If you started a low-carb diet, or just thinking about starting, then you are probably worried about desserts. No more sugar? Nothing sweet to treat yourself to – ever? How can you cope?
Fear not! Sweet taste doesn’t come from sugar alone – there are many sugar substitutes you can use instead. Some of them have little or no impact on your blood sugar and no calories, so you can safely indulge your sweet tooth without compromising your low-carb principles.
This article is the detailed guide to low-carb desserts – which ingredients to use, where to find them, types of low-carb desserts and, of course, links to recipes.
Low-carb desserts guide – table of contents
Key ingredient substitutions to make your desserts low-carb
Most traditional desserts are reasonably easy to adapt for low-carb ingredients. The only exception is recipes relying on sugar’s chemical qualities rather than just its sweet taste – such as its ability to caramelise. But you should be able to adapt most traditional dessert recipes, using just a handful of substitutions as below.
1) Use low-carb sugar substitutes instead of real sugar
Erythritol is the best granulated sugar substitute for baking – it is often sold mixed with some Stevia. Popular brands of erythritol are Truvia, Swerve and Sukrin. For most people, carbs in erythritol are not digestible at all, making it zero carb and zero calories.
Xylitol works really well for baking, but some of its carb content is digestible (around 10-20g of digestible carbohydrates per 100g, depending on the individual), so it has a much higher net carbs count than erythritol.
Liquid sweetener drops – some desserts work better with liquid sweeteners – the most common types are liquid sucralose and Stevia extract.
2) Use nut flours instead of wheat flour
Nut-based flours are basically just very finely ground nuts, sometimes defatted to improve texture. The most popular ones are almond flour (or ground almonds) and coconut flour, but pretty much any nut can be ground up and used for this purpose. Ground flaxseed is also a popular ingredient, due to its wonderful nutritional profile. Nut flours do not contain gluten – the ingredient which makes traditional bread supple and light. So you would usually need to add something to make up for the absence of gluten – xanthan gum, guar gum and psyllium husks all work well in this capacity.
3) Use sugar-free chocolate and cocoa powder
Did you know that chocolate is perfectly acceptable on a low-carb diet? Your enemy is sugar – not cocoa. Many well-known brands now produce unsweetened versions of their chocolate products, which you can use for baking, making desserts or making your own chocolate (it’s fun!). If you can’t be bothered with any of that, there are also some specialist products available, already sweetened with Stevia or another sugar substitute.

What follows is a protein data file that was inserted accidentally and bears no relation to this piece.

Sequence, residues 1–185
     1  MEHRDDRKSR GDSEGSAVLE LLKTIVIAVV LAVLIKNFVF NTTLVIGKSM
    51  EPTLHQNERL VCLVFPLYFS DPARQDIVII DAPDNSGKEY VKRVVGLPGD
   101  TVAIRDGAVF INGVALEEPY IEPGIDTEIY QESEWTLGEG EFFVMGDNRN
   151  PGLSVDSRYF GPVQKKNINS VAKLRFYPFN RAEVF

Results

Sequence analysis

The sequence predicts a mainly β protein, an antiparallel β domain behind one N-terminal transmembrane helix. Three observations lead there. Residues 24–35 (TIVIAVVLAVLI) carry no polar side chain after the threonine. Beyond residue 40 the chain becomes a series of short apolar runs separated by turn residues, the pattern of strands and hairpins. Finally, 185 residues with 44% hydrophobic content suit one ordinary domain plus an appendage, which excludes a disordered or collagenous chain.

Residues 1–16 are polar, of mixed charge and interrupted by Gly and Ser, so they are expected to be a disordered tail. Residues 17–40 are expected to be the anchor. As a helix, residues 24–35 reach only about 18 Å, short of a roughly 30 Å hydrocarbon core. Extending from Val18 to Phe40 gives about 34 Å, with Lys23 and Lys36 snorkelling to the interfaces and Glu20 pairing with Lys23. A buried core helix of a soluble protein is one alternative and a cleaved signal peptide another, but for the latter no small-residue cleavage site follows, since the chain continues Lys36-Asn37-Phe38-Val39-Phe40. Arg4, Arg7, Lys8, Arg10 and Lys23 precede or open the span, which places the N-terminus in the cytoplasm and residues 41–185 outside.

4) Use sugar-free flavourings and extracts
You can get sugar-free versions of extracts commonly used in baking, such as vanilla extract, or flavourings such as orange or almond extracts. These can be hard to find in supermarkets so you might have to look online or in specialist shops.
So what can you make with all these low-carb ingredients? The answer is almost anything! Some types of low-carb desserts are listed below, with links to recipes.
7 types of desserts that can easily become low-carb
Dessert recipes that are hard to convert to low-carb
Unfortunately, not all desserts are easy to make low-carb, for example, meringues and French macaroons, caramel and fudge. Usually this because sugar substitutes don’t have quite the same chemical qualities as sugar – for example, they don’t caramelise quite as well. Some people have tried to adapt these recipes, but it tends to be rather complicated. I would advise to stick to tried and tested desserts listed above, at least to start with, until you get a bit more experience and get used to the properties of low-carb ingredients.
Where to buy low-carb dessert ingredients
Although sugar-free products are slowly making their way to the shelves of mainstream supermarkets, your best bet would be health food shops and specialist retailers. Online shops tend to have a wider selection.
Impact on your weight loss
One word of caution – although these desserts are low in carbs, many of them are still quite high in calories. So if you overindulge, your weight loss could stall. As is the case with standard desserts, it is best to just have dessert occasionally as a treat, rather than every day or with every meal.
Finally, please also note that consuming too much sweetener can result in stronger sugar cravings in some people, as well as digestive upset. As always, moderation is the key. Just be sensible about how much you consume and watch out for any undesired effects.
Where to find more recipes